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Photo by Annemiek van der Kuil / PhotoA.

Partly for this reason, Dutch primary schools are required to have an explicit track recommendation procedure as of this school year. However, according to the work of UvA researcher Sara Geven, this is not sufficient to secure equal educational opportunities, as she finds that even in the same school, teachers can hold different interpretations of their school procedure. Together with about 70 primary schools, she wants to develop scientifically informed track recommendation. Do you support this research?

Unequal opportunities in education

In the Dutch school system, students are recommended to an ability track at the end of primary school. This evaluation is very important for students’ educational careers, as it largely determines which diploma students will obtain. However, not every student receives the same track recommendation for the same level of performance. For instance, students from less privileged backgrounds receive a lower track recommendation for the same level of performance compared to their peers from more privileged backgrounds. This means that not every child receives the same educational opportunities. Track recommendations do not only vary from student to student but also between schools and among teachers. The same student could receive a different track recommendation at a different school or from a different teacher.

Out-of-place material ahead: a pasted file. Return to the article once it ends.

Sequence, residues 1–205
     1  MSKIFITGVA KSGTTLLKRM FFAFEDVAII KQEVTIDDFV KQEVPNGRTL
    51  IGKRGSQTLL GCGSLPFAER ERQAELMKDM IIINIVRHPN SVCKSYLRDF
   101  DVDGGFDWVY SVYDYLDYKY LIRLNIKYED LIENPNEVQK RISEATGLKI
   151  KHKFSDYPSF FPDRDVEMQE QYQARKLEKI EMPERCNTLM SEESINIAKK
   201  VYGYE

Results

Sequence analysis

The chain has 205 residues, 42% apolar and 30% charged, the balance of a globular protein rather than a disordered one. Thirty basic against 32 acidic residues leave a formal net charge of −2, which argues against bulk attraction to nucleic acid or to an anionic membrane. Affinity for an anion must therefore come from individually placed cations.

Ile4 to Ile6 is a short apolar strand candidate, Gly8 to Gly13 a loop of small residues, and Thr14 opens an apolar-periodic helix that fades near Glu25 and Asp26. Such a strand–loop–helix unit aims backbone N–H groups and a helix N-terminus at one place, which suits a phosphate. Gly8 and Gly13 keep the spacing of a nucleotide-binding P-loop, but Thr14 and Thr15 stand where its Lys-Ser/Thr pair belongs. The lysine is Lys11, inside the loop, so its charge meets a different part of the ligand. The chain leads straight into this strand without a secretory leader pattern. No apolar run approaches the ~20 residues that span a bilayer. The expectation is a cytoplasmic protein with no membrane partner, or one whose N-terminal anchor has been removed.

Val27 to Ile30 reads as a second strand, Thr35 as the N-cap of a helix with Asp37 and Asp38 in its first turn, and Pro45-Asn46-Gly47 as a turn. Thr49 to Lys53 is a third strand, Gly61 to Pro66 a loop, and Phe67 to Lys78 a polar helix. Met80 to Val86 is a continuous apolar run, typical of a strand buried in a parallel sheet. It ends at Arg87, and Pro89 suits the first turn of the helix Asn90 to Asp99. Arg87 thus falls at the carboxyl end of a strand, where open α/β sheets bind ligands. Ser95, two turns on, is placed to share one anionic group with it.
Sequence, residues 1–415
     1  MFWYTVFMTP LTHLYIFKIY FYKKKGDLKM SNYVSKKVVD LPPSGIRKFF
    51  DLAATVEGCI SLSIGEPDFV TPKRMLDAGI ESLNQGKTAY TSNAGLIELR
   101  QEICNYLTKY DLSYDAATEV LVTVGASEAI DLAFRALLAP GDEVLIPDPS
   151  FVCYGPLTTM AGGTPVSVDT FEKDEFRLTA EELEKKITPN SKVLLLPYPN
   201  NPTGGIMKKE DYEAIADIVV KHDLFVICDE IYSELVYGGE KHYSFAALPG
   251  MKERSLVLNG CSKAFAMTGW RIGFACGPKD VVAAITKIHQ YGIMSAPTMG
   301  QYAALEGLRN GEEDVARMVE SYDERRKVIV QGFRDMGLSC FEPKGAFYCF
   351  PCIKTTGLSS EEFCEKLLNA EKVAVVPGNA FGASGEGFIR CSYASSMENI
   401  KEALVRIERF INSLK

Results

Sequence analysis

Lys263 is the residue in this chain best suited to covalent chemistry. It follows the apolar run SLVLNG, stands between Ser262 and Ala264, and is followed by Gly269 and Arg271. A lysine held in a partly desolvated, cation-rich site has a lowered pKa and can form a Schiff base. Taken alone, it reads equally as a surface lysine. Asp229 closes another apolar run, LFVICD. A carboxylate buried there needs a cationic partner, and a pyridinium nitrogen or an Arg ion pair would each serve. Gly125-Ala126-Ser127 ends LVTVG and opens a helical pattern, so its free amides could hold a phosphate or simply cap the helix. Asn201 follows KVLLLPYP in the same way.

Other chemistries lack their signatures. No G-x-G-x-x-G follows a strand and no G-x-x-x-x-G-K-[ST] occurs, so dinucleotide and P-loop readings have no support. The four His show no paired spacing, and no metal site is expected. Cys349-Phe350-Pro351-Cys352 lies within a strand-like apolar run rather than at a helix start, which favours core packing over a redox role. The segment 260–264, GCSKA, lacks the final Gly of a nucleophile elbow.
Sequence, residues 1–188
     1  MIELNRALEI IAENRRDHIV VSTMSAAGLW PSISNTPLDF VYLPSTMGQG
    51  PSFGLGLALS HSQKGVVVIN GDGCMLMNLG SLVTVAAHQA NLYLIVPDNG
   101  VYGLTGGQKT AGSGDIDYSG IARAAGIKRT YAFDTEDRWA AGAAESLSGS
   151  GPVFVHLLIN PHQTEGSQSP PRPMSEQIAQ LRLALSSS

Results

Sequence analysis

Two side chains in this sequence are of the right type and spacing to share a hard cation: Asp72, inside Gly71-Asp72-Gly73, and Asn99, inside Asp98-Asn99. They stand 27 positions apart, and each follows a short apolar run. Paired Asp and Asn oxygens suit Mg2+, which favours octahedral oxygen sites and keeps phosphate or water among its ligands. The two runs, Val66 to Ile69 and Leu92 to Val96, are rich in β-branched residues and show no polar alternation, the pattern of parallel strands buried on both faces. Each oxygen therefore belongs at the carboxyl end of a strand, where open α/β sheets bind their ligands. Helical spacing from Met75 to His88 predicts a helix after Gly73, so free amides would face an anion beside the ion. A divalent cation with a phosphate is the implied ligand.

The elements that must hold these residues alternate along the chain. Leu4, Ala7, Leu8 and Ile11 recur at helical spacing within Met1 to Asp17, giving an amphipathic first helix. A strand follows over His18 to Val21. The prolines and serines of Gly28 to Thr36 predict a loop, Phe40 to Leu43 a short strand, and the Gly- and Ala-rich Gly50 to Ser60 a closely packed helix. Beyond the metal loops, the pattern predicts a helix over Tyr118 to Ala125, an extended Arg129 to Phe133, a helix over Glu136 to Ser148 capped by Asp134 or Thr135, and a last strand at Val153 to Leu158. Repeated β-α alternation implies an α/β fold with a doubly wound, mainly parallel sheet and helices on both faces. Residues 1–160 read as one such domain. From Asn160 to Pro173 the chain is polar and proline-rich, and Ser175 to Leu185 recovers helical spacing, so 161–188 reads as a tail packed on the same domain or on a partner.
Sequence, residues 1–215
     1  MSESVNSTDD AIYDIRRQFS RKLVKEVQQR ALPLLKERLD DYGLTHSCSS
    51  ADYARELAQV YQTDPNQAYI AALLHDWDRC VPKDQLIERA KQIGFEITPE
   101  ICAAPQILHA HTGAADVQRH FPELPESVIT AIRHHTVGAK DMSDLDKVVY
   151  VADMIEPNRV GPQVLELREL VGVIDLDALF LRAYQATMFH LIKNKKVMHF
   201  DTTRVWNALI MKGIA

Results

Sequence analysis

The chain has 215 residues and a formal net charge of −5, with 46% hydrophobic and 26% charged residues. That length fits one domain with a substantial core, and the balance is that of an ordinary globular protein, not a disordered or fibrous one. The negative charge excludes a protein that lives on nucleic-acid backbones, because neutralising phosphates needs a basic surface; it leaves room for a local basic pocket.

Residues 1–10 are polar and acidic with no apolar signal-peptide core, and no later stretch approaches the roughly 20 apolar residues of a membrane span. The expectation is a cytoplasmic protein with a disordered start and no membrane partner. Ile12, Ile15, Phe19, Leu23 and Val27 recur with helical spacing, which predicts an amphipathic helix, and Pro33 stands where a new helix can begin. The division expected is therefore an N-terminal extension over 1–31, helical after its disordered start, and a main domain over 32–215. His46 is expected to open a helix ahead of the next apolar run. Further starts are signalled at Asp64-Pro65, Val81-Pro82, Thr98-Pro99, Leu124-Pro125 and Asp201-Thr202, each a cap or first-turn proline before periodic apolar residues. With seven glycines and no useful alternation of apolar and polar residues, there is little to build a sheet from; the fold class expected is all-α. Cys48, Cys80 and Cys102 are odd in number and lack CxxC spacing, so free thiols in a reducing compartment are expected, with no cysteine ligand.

A fixed procedure as a solution?

As of this school year, all primary schools in the Netherlands are legally required to have an explicit track recommendation procedure to promote equal opportunities. According to Dr. Sara Geven, a standardized procedure could contribute to equal chances, but it is probably not enough to provide equal chances to all children. This is because teachers often interpret these procedures in their own way, which still leads to significant differences.

Connecting science with practice

Together with teachers and principals from approximately 70 primary schools in Amsterdam, Geven aims to develop a better and scientifically supported procedure. Together with the schools, data have been collected at these 70 schools. Together with educational professionals from these school, they will now determine the factors that contribute to a procedure that can truly combat inequality of opportunity. But her goal extends beyond the city of Amsterdam. Sara Geven wants to share findings and solutions with schools all over the Netherlands. Her aim is clear: every child deserve the chance to maximize their potential, regardless of their background.

Do you support Dr. Geven in her fight against inequality of opportunity? Her research demonstrates how crucial it is to recognize and utilize every talent. Together, we can contribute to a fairer education system and a just future. For every child. Join in and donate to this research!